Pellet stoves: What are the advantages?

31 October 2018 by National Bank

Heating with pellets, often described as an effective, environmentally-friendly and economic alternative, has been a hot topic in recent years.

The many advantages of pellet stoves include:

  • They can be operated continuously for 24-48 hours.
  • The flow of heat generated is greater than a traditional wood stove;
  • They are more environmentally-friendly;
  • Along with wood stoves, pellet stoves are one of the cheapest alternatives on the market (see comparison chart below).

If you enjoy the aroma of burning wood and are dazzled by the dancing flames, yet you find using a wood stove to be quite laborious, then a pellet stove may be your best alternative.

According to our calculations, using a pellet stove will run at roughly the same cost as using a wood stove.

It is also a worthwhile investment, given that it replaces the need for heating oil, propane or gas.

So, just how much does it cost to heat using a pellet stove?

The stove

Depending on your choice, the stove itself will cost somewhere between $3,500 and $6,000, which includes the required chimney and installation.

While a pellet stove may cost a bit more than a wood stove, the total cost remains about the same, given that the chimney is actually cheaper.

On the other hand, pellet stoves have a shorter life span than wood stoves: 15 to 20 years, versus 20 to 25 years for the latter.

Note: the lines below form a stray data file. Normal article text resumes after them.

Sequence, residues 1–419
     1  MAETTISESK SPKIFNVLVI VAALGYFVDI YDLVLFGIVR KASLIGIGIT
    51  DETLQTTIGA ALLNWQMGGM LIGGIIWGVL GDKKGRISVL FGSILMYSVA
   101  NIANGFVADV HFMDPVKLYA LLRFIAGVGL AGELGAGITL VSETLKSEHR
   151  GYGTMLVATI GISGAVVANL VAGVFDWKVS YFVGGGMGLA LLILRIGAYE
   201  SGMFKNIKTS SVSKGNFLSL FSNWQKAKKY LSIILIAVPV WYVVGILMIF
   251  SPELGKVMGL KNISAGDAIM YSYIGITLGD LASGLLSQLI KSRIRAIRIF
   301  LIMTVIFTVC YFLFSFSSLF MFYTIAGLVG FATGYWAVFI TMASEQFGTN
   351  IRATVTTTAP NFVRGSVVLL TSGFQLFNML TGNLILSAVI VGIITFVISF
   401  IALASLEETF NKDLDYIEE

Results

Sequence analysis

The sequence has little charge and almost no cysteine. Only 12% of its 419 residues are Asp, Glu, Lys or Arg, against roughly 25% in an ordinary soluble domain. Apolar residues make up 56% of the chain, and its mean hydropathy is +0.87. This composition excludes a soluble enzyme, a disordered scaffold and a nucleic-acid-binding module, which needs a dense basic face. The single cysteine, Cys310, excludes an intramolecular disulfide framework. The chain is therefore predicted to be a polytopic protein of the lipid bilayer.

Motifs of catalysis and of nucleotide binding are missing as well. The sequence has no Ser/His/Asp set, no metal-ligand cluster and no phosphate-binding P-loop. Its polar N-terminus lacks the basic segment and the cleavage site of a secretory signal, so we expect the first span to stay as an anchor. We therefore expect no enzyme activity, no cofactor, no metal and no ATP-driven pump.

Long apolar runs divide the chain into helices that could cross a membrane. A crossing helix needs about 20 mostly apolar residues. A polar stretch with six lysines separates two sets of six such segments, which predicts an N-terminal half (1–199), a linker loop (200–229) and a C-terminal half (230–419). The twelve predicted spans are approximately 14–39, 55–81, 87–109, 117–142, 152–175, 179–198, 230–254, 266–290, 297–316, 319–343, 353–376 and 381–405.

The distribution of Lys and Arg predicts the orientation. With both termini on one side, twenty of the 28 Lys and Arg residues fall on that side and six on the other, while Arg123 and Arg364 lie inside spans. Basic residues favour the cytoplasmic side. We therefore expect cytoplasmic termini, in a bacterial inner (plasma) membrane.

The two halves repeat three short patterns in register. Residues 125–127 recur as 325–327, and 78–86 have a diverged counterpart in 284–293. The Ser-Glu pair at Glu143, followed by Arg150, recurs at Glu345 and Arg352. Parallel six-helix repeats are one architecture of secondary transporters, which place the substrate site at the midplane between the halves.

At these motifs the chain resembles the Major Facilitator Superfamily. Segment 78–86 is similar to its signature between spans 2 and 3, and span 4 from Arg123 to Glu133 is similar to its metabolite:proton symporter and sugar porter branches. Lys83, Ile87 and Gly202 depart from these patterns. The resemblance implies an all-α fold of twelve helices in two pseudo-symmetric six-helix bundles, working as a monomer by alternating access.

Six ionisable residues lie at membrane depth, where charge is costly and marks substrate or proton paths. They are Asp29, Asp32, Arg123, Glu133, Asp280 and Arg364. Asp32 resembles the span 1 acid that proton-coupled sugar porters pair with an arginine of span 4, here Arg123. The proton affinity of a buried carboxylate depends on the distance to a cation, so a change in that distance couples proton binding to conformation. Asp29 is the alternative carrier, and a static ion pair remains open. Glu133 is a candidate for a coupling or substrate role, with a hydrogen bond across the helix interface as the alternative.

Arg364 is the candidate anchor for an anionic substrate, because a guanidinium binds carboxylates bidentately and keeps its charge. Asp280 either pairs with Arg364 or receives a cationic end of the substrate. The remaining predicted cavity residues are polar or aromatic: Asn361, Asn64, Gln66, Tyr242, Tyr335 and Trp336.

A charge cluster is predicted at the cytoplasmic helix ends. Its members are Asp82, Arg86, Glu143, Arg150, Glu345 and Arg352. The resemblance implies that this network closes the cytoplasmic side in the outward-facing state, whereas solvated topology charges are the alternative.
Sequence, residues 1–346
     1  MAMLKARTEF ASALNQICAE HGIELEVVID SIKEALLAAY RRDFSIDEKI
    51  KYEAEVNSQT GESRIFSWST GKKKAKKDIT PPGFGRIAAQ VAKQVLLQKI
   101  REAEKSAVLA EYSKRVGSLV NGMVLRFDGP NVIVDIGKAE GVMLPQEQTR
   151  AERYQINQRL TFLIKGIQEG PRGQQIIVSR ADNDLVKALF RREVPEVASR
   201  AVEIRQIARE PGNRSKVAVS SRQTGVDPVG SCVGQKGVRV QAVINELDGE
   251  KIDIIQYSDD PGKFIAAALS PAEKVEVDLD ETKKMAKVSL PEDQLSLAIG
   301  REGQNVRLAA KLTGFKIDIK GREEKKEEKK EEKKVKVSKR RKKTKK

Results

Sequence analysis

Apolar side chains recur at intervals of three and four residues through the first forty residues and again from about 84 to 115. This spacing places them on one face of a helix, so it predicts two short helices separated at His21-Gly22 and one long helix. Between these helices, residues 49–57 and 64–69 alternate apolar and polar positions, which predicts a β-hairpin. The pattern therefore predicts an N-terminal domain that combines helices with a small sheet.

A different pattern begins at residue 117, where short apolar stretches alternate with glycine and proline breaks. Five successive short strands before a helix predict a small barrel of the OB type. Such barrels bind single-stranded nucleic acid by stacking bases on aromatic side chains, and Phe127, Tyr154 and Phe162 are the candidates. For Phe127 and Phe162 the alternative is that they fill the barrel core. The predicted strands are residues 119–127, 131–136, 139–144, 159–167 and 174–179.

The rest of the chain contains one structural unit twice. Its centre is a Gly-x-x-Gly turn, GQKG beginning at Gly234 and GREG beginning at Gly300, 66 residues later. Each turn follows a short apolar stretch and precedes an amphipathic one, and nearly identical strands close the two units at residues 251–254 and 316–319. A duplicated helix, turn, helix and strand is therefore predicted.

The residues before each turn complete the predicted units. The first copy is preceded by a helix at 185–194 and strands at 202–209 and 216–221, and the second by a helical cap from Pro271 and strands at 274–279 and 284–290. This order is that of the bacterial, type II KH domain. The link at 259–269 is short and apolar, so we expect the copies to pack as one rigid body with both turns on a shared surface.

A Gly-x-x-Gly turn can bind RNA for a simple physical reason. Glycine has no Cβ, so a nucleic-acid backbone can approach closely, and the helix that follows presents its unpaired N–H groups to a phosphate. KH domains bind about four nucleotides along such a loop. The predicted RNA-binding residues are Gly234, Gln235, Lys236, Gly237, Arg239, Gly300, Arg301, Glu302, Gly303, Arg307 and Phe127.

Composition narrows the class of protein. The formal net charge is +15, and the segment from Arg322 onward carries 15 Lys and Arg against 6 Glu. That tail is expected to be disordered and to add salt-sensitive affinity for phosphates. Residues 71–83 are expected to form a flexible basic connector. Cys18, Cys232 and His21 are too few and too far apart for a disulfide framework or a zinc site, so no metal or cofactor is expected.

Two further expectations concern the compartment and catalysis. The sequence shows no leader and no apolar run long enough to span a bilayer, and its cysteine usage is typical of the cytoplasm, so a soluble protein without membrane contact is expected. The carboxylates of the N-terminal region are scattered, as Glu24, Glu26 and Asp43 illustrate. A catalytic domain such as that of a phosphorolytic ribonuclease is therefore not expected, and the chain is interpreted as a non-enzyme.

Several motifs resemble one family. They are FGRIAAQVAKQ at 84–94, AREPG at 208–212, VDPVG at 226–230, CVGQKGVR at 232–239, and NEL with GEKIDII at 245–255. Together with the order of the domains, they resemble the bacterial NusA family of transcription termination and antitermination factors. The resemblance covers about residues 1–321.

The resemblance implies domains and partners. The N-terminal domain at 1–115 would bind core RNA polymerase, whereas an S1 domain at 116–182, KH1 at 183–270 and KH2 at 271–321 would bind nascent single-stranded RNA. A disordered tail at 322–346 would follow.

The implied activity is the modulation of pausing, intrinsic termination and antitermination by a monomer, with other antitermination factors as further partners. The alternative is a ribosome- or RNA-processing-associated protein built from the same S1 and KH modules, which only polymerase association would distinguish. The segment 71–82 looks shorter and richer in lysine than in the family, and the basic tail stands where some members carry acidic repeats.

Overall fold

The vast majority of pellet stoves operate on wood pellets, made from sawdust or compressed wood residue.

Expect to pay between $4.29 and $5.29 for an 18.1 kg (40 lb.) bag in most hardware superstores. Rates will vary from store to store, as well as depending on whether you use soft or hard wood pellets.

Opinions differ as to which are easiest to maintain, so trying different types of pellets is recommended before buying large quantities.

Price per million BTU¹, taking performance into account

Source Unit Cost2 Energy Value (BTU) per unit Efficiency3 Cost per million BTU
Electricity 7 ¢/kWh4 3,412 100% $20.52
Wood $100 /cord
7,898,184 80% $15.83
Granules $264.64 /metric ton 18,766,836 80% $17.63
Oil 76,7 ¢/litre 36,826 80% $26.14
Natural Gas 68,15 ¢/m3 35,925 80% $23.66
Propane 71 ¢/litre 23,980 80% $37.01

1 - The British Thermal Unit measures the amount of heat from a heating unit.

2 - Average rates in effect in October 2010, before taxes.

3 – Considering an efficiency rate of 80% for all devices, in order not to favour one over another. Rates of efficiency vary widely depending on age and the technology used. Only the return on electricity, which is close to 100%, is well established.

4 - Average cost for a single-family dwelling of 158m², with an annual consumption rate of 26,484 kWh.

Learn more

Energy Efficiency Agency (EEA)

On the EEA website, you can perform an energy assessment, as well as access a variety of helpful tips on heating and auxiliary heating.

Natural Resources Canada

The site provides extensive information on the various heating systems in the Personal: Residential section.


The Hydro Quebec website provides a tool which allows you to evaluate your energy consumption.

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